Having said that, George Will in today's Washington Post, still sees enough cause to take aim at what remains America's favorite fashion article: blue jeans. Will is spurred on by a very clever column from Daniel Akst in the Wall Street Journal last month. Both Akst and Will see a kind of demonic leveling instinct at work in our obsession with denim. For the open-minded and not easily swayed, I think Will and Akst offer a much-needed corrective with their none-too-gentle opinions about blue jeans.
On the other hand, the point that they have (and this is especially true about Will) is taken to an extreme that demonstrates the weakness of their point. They go too far in condemning Americans for their iconic fabric. After all, the original reason for the popularity of blue jeans is something uniquely and wonderfully American. They were born of the practical necessity of creating an attire that suited the grubby and difficult work of pulling riches from our soil. Levi-Strauss--an industrious and ingenious American if ever there was one--made those pants to fill a need for miners and struck his own gold in the process. Indeed, the actual gold of the 49ers might be said to fade in comparison to the luster of the gold Strauss created out of cotton, indigo, and copper rivets. From miners to cowboys, jeans became the uniform of America's eternally youthful and optimistic striving. If, at first, denim was the uniform of hard-work and striving, it is also no wonder that it made a turn with James Dean to become the symbol of America's youthful rebellion against bourgeois conformity. And it is equally revealing, of course, that this rebellion against bourgeois conformity led full-circle right into itself in another form. Instead of despairing it, Will and Akst might do better to be bemused by it. Will and Akst both despair, that everyone (and most especially the American bourgeois) wears jeans today. The real rebels of today, it seems, would do better to wear bow ties. And perhaps they do.
But maybe that's the point of Will's article--though the tone of his rhetoric seems to work against him if persuasion is his intention. Does he have no love and sympathy for jeans wearing, rock-and-roll loving Americans? If he has, he does not betray it in this piece. He posits Fred Astaire and Grace Kelly as the sartorial models for American men and women. But really?! Grace Kelly was a fine woman and one could do a lot worse than to aspire to her charms . . . but it is ridiculous to think of her as a balanced American model. After all, she left America and became a monarch! And that seemed to suit her. Far too delicate a flower, if you ask me. And Fred Astaire? Again, very charming . . . and I, like most women, love to watch him dance and imagine myself spinning across the floor with him. But one would get rather dizzy after too much of that, I should think. And then, what is all that dancing and finery going to do about the looming injustice and tyranny of this world? A friend of mine noted, in passing along this article to me, that the one thing Europe still has over America is that they still know how to dress. Maybe that is so. But at what price? I guess they will be able to boast that they all looked good as their civilization deteriorated and their numbers dwindled. Mark Steyn might wryly note that they should enjoy their finery while they can . . . for a much less stylish wardrobe item is lurking in their future.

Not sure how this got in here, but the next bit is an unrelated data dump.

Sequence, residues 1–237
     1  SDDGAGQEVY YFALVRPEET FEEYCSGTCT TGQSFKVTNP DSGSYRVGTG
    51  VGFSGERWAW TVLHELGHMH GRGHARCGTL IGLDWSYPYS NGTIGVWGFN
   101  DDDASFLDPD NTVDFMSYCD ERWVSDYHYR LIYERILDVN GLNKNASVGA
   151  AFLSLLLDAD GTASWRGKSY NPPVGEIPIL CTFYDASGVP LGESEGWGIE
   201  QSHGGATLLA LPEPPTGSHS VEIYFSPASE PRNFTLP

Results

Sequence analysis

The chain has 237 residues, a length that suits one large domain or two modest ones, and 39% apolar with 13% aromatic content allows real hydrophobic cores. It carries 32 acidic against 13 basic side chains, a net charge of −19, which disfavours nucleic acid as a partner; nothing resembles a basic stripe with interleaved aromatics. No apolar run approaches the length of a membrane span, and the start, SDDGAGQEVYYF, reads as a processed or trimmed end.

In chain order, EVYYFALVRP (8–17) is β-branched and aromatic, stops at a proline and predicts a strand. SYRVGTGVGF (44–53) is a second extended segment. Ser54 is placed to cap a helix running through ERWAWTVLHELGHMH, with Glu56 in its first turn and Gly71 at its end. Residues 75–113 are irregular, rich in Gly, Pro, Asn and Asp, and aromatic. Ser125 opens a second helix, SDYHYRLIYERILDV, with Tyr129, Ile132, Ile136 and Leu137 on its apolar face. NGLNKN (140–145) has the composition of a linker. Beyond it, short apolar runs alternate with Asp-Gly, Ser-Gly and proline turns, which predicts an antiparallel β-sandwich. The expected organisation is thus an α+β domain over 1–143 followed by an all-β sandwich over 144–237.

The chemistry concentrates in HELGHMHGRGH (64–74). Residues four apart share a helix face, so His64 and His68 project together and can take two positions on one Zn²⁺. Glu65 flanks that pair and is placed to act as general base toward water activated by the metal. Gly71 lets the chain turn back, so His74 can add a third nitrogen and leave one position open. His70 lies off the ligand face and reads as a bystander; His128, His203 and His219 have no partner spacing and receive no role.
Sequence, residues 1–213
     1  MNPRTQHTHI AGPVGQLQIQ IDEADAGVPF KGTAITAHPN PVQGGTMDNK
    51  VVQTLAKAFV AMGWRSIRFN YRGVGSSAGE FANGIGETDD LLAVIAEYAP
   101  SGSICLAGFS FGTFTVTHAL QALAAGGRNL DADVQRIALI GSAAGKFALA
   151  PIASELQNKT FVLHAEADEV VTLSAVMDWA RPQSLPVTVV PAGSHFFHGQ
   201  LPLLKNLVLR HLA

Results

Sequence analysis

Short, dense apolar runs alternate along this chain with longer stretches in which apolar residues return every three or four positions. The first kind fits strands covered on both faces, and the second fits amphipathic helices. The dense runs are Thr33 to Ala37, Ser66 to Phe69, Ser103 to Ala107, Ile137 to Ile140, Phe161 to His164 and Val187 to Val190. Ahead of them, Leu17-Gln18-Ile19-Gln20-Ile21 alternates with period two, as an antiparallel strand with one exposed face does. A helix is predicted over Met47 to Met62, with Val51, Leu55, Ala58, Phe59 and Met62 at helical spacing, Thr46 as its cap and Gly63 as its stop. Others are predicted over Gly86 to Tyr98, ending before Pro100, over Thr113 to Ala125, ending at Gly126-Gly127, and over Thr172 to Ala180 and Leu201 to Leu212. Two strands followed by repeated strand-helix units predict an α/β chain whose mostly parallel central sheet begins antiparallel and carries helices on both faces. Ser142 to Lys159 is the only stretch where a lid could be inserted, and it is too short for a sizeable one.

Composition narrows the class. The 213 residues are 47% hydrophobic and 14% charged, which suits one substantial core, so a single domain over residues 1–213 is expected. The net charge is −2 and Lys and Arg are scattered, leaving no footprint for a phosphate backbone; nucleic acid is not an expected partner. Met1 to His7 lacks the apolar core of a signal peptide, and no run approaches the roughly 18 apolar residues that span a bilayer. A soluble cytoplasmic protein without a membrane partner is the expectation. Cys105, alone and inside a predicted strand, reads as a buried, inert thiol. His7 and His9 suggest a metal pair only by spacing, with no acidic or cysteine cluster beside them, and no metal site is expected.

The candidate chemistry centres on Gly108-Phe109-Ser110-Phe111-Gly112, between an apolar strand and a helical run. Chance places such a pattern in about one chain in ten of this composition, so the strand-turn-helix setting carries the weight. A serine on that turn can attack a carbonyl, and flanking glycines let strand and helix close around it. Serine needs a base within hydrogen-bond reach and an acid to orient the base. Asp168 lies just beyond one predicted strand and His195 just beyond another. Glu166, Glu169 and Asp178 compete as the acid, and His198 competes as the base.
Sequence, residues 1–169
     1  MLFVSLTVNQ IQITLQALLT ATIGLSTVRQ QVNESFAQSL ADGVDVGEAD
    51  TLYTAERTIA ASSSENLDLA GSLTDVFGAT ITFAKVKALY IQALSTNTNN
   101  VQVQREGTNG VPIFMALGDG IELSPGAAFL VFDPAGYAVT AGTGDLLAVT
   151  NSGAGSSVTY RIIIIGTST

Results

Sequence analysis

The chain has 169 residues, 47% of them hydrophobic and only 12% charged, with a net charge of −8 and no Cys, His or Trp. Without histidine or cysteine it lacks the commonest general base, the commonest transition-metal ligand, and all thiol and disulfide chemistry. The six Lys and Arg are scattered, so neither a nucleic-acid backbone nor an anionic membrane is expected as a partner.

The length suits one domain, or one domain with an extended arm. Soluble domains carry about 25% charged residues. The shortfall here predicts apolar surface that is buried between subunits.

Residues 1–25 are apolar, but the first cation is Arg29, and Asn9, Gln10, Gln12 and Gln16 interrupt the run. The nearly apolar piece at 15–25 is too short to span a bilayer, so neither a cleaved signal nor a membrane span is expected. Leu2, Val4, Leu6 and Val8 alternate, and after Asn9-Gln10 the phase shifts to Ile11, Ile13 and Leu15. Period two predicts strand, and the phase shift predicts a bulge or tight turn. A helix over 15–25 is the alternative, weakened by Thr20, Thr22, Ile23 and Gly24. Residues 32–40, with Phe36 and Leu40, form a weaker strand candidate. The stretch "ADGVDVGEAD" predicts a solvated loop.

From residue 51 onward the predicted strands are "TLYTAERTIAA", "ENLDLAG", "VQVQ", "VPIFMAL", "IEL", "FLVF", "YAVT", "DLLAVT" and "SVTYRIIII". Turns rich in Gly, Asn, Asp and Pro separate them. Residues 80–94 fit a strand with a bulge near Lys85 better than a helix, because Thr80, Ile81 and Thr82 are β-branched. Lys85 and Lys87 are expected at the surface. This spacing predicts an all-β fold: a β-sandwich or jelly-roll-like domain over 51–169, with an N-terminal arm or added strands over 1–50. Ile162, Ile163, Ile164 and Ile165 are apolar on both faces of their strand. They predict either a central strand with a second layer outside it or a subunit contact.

It bears mentioning that Akst made a point of noting in his article that the elements of fashion which always take on the widest appeal are those associated with heavy work and the martial spirit. Well . . . there's a reason for that. There is need for those tough men and their hard work and we do right to honor it by attempting to emulate it--in whatever poor way we can.
Of course, we can over-do both kinds of dress. A life entirely devoted to finery or to grubbiness is incomplete. And if we have a predominant vice, it is that we have become too slovenly and disrespectful in our jeans-wearing indifference to time and place. Our youthful (and American) disregard for the hoity-toity putting on of airs that repulsed us from our motherlands and into the unknown vastness and remote possibilities of America can sometimes lead us directly into another version of self-importance--as the jeans wearing rebellion against conformity led to a new conformity. There is snobbery abounding in every crowd of enthusiasts. Better to develop a measured kind of respect for both types of dress, regulated more by what suits the occasion than by what suits our taste. A good American woman, perhaps like Michelle Obama, knows when (or, in some cases, whether) to don blue jeans and when to don a stylish evening gown. She is not caught up in either extreme--she adapts, she bends, she does what is required by the circumstances and within the bounds of sensible good taste. She is neither a pig nor a fop. And it goes without saying, of course, that the same is true of a good American man.